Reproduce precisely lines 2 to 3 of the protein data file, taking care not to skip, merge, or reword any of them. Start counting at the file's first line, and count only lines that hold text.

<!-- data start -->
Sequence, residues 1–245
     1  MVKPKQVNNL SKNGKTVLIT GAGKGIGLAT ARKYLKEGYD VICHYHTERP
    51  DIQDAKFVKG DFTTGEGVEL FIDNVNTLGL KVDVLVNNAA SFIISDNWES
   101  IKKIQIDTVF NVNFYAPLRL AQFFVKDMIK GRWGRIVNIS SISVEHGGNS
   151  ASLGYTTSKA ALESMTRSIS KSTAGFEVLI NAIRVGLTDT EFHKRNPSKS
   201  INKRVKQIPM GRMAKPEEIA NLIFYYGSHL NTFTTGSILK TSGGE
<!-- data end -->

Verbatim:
     1  MVKPKQVNNL SKNGKTVLIT GAGKGIGLAT ARKYLKEGYD VICHYHTERP
    51  DIQDAKFVKG DFTTGEGVEL FIDNVNTLGL KVDVLVNNAA SFIISDNWES